• Topics / Human Rights Abuses in Russian-occupied Crimea
Russia seizes Ukrainian Church land in Crimea for the FSB and Moscow Patriarchate
The Russian occupation regime has begun construction work on land allocated to the Ukrainian Orthodox Church back in 2012 for a new Christ the Saviour Cathedral It had earlier asked Archbishop Klyment to hand over the land, and presumably considered that the Church’s refusal to relinquish its property ‘voluntarily’ allowed them to simply plunder it.
A photo of the construction site was first posted by Andriy Shchekun, a Crimean activist who was tortured and forced to leave Crimea after Russia’s invasion. It is he who reported that the plan is to build a residential complex for FSB, or Russian security service officers, and that they have begun geodesic surveys for building a church, which he assumes will be under the Moscow Patriarchate. He seems to have based this conclusion on a letter from the de facto city authorities back in February 2015 which spoke of the FSB asking for land, supposedly to house military servicemen and their families.
Archbishop Klyment has confirmed that he found the work to have begun, without any prior notification, when he returned to Simferopol. He has been informed that they are taking geodesic samples before designing the church. He does, however, note that there are cranes standing nearby, together with stone, ballast and cement, which does seem to suggest that building work is about to commence.
The Archbishop stresses that the land belongs to the Church, and that he has all the documents to prove this. What is now happening has bypassed them altogether.
Klyment reported on 8 February that he had received a writ ordering that he leave the Cathedral of Vladimir and Olga in occupied Simferopol which was now under the so-called ministry of property and land relations. The occupation authorities were thus terminating the agreement between the Church and the Crimean Property Fund in 2002, and the Church was given 30 days to vacate the building. This, the Archbishop warned, was likely to lead to eight parishes in rural areas also being forced to close.
The battle to seize control of the Cathedral of Vladimir and Olga began soon after Russia’s invasion and has continued, with Klyment even attacked during a raid on the Cathedral in which crosses and icons were seized (details here)..
This is partly a move aimed at seizing a major site in Simferopol which, according to Klyment, he was initially offered 200 thousand USD to give up soon after annexation. It is, however, also indicative of the repressive measures against the Ukrainian Church in Crimea.
On 27 March, the Church received another letter from this ‘ministry’, which terminated the lease agreement on the only OCU church remaining in Simferopol. The letter claims that this is because the Church is in debt, although the amount cited is nominal, and Klyment denies that there is anything owed.
The letter arrived on the same day that the FSB carried out armed searches and arrests of 20 (and later a further four) Crimean Solidarity activists. Eustrati Zoria, spokesperson for OCU, says that the two developments are linked, with the occupation regime carrying out a purge of those who don’t buckle under.
Archbishop Klyment was himself detained on 3 March, when he was already seated on a coach to Rostov in Russia for the latest hearing in the ‘trial’ of Russia’s youngest Ukrainian political prisoner Pavlo Hryb. Two pretexts were found, both insultingly implausible, for holding Klyment in detention until late evening. It is possible that the occupation authorities were planning administrative arrest, but were deterred by the publicity the move received (details here).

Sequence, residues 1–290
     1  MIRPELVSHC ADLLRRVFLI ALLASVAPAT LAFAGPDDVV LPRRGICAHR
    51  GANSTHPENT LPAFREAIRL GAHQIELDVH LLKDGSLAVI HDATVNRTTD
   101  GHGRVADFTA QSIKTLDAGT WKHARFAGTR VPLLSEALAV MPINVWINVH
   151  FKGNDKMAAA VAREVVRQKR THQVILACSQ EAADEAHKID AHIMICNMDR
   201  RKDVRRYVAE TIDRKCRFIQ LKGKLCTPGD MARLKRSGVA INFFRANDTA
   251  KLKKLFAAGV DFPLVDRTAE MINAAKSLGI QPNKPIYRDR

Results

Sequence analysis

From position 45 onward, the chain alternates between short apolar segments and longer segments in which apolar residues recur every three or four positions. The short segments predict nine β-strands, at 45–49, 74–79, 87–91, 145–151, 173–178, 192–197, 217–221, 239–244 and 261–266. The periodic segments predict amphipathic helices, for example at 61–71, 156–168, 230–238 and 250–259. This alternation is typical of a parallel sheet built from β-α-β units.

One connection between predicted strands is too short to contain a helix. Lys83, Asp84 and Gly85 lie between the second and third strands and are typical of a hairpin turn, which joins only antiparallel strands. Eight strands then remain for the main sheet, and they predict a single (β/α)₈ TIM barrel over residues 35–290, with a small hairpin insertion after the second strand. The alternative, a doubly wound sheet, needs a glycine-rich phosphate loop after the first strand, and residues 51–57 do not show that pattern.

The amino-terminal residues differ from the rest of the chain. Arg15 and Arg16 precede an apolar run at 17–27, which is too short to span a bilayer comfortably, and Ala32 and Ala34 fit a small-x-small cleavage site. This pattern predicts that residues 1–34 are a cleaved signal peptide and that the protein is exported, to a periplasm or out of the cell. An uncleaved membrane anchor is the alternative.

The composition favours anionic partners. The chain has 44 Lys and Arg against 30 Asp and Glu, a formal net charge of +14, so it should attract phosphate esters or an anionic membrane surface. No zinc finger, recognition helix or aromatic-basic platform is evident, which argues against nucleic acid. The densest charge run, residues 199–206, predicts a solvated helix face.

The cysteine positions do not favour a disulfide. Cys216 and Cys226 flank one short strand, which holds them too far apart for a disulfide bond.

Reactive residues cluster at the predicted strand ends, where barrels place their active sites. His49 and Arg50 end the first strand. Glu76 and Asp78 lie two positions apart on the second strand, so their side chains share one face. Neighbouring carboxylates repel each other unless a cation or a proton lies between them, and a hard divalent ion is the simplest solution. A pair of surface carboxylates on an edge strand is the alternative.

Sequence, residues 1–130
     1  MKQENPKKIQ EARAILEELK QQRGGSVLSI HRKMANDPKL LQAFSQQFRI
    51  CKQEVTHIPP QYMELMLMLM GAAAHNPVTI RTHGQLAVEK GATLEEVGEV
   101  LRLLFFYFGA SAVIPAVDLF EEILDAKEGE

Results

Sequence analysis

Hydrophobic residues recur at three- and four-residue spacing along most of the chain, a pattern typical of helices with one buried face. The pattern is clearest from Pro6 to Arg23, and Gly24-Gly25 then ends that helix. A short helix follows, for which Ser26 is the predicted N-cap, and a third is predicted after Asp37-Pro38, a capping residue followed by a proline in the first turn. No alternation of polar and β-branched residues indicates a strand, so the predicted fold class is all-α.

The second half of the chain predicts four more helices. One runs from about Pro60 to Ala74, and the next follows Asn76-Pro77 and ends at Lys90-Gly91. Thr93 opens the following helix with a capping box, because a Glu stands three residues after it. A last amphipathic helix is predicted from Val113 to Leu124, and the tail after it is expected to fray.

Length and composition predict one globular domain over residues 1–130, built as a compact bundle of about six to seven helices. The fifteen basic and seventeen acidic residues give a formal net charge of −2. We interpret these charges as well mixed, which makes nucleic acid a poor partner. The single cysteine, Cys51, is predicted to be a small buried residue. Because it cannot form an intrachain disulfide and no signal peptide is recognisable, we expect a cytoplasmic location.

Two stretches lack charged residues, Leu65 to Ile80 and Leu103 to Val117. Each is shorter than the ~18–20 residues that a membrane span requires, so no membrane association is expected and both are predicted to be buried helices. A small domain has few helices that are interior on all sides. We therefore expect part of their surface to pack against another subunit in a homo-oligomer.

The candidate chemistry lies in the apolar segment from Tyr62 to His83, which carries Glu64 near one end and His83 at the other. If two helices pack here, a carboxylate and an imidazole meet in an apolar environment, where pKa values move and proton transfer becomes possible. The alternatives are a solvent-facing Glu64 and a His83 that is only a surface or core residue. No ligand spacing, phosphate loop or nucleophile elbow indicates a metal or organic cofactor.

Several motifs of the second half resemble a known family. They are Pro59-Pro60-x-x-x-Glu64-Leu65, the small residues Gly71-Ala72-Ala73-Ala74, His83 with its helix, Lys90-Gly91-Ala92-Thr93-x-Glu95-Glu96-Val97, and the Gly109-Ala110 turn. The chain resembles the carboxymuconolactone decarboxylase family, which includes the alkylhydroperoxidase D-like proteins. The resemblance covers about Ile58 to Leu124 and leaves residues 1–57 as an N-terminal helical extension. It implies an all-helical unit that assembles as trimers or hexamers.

Archbishop Klyment announced on 23 March that he had submitted documents to register the Ukrainian Orthodox congregation in Crimea, a move that he had avoided for five years. He explained that the occupation authorities had given him three months to organize such documentation, and he saw no option now but to do so, since it was now a question of the eparchy’s very existence in occupied Crimea.
The occupation regime has used lack of registration as a legal entity under Russian legislation as an excuse for seizing places of worship, etc.
The move now is not unexpected. In an interview to Krym.Realii on 13 February, Klyment said:
“You know, when the principled position of the Ukrainian government is that “we won’t accept anything from Crimea” and they reject all responsibility for what is happening in Crimea, I don’t know what I should do now, and how. If there is a choice between the Church, religious services and people (and the stand on registration), then I choose the Church”.
It remains to be seen whether the congregation will be registered and, mainly, whether the degree of pressure on the Church eases. This is, unfortunately, not at all guaranteed. It was reported on 29 March, six days after the documents were submitted, that the occupation authorities had taken the Church to (a Russian-controlled) court to get it evicted, with the lack of registration cited as excuse. The Orthodox Church under the Kyiv Patriarchate came under fire immediately after annexation, at least in part because of its openly pro-Ukrainian position and its public statement on 11 March 2014 condemning Russian occupation of Crimea. Klyment warned late in 2018 that the persecution they were experiencing was likely to escalate after the creation of the Orthodox Church of Ukraine with autocephaly or independent status, a move met with rage by both the Kremlin and the Moscow Patriarchate. This has proven to be the case, and with most of the churches already seized or forced to close, and only a small number of priests still left in Crimea, the danger to the Church’s very existence in Crimea was real.